If your entrepreneurial idea absolutely requires the significant capitalization that venture capitalists offer, The Art of the Start should definitely be at the top of your list. There is an excellent section on pitching to venture capitalists complete with the questions which are likely to be asked and suggestions on the best answers to offer would be venture investors. I found the book to be well written and thought provoking, particularly enjoying the final chapter, The Art of Being a Mensch (and the three foundations of menschhood), which you may want to read first. So, the good news is, though there are more aspects to this book than venture funding, you should definitely read this book if you’re thinking of venture capital funding. The bad news is that statistically, entrepreneurs are better off finding alternatives to venture capital funding and might be better off reading books focused on alternatives to venture capital funding. Regardless, I enjoyed The Art of the Start and found it an interesting read.

For more information on start-ups, read Your Virtual Success (Career Press) or visit: http://www.yourvirtualsuccess.net.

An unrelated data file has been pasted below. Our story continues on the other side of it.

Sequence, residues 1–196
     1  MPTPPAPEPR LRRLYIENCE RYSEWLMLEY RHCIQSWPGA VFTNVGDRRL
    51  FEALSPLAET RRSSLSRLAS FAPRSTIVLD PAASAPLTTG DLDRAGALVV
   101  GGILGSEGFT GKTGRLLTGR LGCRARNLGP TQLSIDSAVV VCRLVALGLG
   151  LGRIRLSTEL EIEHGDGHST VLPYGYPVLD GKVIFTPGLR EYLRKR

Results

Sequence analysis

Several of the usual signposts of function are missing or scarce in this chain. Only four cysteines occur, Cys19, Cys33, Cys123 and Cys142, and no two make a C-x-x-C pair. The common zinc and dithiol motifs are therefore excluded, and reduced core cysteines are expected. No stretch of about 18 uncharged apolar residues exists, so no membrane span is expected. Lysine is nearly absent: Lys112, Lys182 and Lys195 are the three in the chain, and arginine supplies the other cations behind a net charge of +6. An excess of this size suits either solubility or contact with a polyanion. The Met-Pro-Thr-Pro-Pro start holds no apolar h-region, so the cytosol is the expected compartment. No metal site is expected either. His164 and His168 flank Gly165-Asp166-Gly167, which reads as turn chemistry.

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Posted in: business, Business Book Review, emerging business, Entrepeneurship, Home Office Business, Venture Capital
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The Golden Rules of Virtual Business

  • Posted on April 5, 2010
  • by Alan Blume

There are four Golden Rules to follow when creating a virtual business:

1. A short path to the money (limited ramp-up or development time)
2. No upfront capital
3. Customer deposits in advance of delivery
4. Contractor based assistance for delivery

Of course, you might be thinking of an investment intensive business that does not adhere to these rules. My advice, think again. The rules above allow you to create your own plan, to operate in a way that is conducive to your lifestyle, or at a minimum, provide you with excellent upside while mitigating downside risk.

Then again, you might be thinking that you can alleviate the risk by attracting venture capital, thereby investing a lot of your time as opposed to a lot of your money. My advice, once again, is to think about another path, preferably one revolving around the golden rules above. Yes, there are a select few who can beat the VC odds, maintain control over their startup, go IPO and make millions. In other words, they beat the 5,000 to 1 odds of having this happen. How extreme are these cases? You have the same likelihood of getting struck by lightning. Though 5,000 to 1 odds are good if you’re worried about getting electrocuted, they stink if you want to go IPO with your VC of choice.